Thursday, October 4, 2007

Ron Paul, John Paul II, and the Iraq War

Below is an article written a few months ago by a good friend of mine, Kathryn Landreneau. We tried to get it published in some other venues to no avail. So what better place to post this than Catholics for Ron Paul?


"I don't think I've ever heard that before, and I've heard some pretty absurd explanations for September 11th." This was Rudy Giuliani’s scathing commentary on Ron Paul’s discussion of the Iraq situation during the Republican debate on May 15. Paul was the only candidate there who does not support U.S. involvement in Iraq, so he drew plenty of fire. Sean Hannity was another one of Paul’s attackers. During the Fox News interview after the debate, he would not allow Paul to finish his sentences, and called his ideas “immoral.” Since both Giuliani and Hannity are Catholics and Ron Paul is not, it should be safe to assume that Paul’s ideas are unacceptable to Catholics. However, to make that assumption would be nothing more than to judge a book by its cover.

During the debate, Paul outlined his opinions on Iraq quite clearly. He believes that the traditional Republican foreign policy is to avoid entanglements with other countries. Ronald Reagan, the quintessential modern republican, said that it is particularly unwise to become involved in the Middle East, because the region is so “irrational.” According to Paul, the U.S.’s continuous meddling in Iraqi affairs for the past ten years, including an occupation of their holy land in Saudi Arabia, bombings in their country, and sanctions, were part of the cause of the 9-11 attacks. Paul is not pulling these ideas out of thin air. The official 9-11 report written by the CIA says the same thing. Yet, people like Giuliani and Hannity insist on calling Paul’s assertions absurd and immoral.

Perhaps someone should ask them if they thought John Paul II was absurd and immoral. During his State of the World address in 2003, the late Pope begged world leaders not to solve the problem of terrorism in the Middle East by going to war. The way to attack terrorism, he said, is by going to its root causes. People are driven to terrorism when they are being treated unjustly: “History, in fact, shows that the recruitment of terrorists is more easily achieved in areas where human rights are trampled upon and where injustice is a part of daily life,” he said, naming Iraq as one of those countries. He explains that, among other things, it has been “sorely tried by more than 12 years of embargo.” He clarifies that none of this is an excuse for terrorist acts. However, we cannot expect terrorism to end as long as we provoke a country by going to war against it.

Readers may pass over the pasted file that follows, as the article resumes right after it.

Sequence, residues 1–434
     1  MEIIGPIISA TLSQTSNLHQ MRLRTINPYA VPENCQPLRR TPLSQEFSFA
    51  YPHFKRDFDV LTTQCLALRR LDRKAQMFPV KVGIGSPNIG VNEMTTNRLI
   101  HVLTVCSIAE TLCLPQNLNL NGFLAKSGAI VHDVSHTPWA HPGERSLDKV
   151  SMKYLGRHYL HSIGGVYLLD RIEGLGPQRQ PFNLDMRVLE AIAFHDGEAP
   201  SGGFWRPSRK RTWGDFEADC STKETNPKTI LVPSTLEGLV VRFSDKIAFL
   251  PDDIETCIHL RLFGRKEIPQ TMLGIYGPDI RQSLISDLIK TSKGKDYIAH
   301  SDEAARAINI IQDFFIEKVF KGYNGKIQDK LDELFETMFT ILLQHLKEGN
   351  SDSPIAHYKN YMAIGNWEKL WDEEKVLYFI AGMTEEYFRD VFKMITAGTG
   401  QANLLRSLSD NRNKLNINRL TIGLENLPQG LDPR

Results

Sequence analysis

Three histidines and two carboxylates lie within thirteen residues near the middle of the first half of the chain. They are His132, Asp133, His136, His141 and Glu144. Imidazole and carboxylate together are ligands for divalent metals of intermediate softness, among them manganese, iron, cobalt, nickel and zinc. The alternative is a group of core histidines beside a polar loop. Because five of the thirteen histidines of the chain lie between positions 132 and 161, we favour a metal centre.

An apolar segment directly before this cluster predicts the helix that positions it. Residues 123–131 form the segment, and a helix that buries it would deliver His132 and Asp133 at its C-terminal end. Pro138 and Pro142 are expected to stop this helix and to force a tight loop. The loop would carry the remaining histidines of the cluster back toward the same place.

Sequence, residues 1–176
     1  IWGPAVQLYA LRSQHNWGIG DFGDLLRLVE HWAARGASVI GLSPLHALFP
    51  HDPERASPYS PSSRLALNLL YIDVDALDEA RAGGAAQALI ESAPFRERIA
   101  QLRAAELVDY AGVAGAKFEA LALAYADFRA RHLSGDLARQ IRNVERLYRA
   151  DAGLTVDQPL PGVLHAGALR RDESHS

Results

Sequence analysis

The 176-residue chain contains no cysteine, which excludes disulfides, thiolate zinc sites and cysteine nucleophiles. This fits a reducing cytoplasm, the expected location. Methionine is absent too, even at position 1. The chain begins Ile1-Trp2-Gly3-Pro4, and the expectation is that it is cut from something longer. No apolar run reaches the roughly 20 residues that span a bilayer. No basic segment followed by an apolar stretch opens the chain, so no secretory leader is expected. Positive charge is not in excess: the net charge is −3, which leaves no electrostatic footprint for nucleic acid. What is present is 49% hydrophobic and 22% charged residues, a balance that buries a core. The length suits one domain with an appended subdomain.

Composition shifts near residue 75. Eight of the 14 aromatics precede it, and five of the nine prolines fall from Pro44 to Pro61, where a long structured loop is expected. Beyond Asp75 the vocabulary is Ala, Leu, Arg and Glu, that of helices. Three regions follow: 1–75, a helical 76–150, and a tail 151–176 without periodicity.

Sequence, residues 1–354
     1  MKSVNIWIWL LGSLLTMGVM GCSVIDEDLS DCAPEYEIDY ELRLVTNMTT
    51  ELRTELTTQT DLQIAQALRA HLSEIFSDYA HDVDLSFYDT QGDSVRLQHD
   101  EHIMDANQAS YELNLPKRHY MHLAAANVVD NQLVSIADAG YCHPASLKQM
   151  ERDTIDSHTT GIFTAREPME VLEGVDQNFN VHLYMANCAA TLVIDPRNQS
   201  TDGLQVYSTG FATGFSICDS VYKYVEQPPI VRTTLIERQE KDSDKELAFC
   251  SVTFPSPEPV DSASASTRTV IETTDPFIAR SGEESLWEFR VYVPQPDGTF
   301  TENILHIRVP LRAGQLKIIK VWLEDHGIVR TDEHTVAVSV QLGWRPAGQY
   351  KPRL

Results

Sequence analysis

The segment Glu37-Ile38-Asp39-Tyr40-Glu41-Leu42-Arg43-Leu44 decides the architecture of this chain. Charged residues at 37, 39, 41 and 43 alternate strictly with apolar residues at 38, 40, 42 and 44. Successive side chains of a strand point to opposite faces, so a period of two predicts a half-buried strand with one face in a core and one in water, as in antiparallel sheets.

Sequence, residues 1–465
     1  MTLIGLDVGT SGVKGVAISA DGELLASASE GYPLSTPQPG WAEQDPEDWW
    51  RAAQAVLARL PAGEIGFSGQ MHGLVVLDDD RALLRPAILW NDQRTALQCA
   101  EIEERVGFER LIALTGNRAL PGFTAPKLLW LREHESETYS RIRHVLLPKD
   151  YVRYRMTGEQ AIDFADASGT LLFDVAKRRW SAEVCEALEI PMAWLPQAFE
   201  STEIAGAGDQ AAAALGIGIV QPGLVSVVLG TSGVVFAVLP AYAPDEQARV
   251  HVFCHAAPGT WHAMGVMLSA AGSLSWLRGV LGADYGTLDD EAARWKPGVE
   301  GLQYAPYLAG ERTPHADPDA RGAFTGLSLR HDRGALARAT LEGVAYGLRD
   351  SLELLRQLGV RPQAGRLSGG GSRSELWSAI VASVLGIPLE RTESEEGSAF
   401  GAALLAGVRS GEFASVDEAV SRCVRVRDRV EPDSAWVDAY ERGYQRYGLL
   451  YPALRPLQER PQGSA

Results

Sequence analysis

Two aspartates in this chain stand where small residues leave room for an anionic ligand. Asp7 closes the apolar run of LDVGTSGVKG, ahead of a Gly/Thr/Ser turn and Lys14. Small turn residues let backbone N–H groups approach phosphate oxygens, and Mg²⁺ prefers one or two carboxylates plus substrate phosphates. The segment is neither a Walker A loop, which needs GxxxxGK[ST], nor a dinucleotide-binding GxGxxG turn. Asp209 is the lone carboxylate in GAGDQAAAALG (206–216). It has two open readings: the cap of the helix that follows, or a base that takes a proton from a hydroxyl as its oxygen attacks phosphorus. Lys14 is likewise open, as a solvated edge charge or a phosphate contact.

It’s really no surprise that people like Giuliani and Hannity are not in line with John Paul II’s opinions on Iraq. After all, despite their claims to Catholicism, each of them stands against many other things John Paul II fought for. Giuliani has repeatedly asserted that he is pro-choice. He supports government funding of abortions and has said that partial birth abortions should not be banned. As New York mayor, he pushed the city council to protect the rights of homosexual partnerships. He has been married three times; the last marriage was to a woman he had had an extramarital affair with. Besides the fact that Hannity supports Giuliani in the presidential race, further evidence of his “cafeteria Catholicism” was exposed by Fr. Thomas Euteneuer recently. In his weekly column as president of Human Life International, Euteneuer challenged Hannity for being pro-contraception. Hannity then invited Euteneuer onto his show and proceeded to treat the priest rudely, even going so far as to blame Euteneuer in part for the clergy sex abuse scandals.

Despite the fact the Ron Paul is not Catholic, the convergence of his ideas on the war with those of John Paul II is no accident. Paul highly respected the late Pope and his views on social issues. On the occasion of John Paul II’s death, Ron Paul wrote a column praising him. In it, he said, “The Pontiff would not ignore the inherent contradiction in being pro-life and pro-war, nor distort just war doctrine to endorse attacking a nation that clearly posed no threat to America.” In the column, Paul distanced himself from other political conservatives who resented the Pope’s views on the war. In this way, he shows himself to be a unique candidate in the presidential race, and one that Catholics should take notice of.

Kathryn Landreneau is a mother of two, heroically helping her husband attend Pepperdine Universtity School of Law in Pasedena, CA.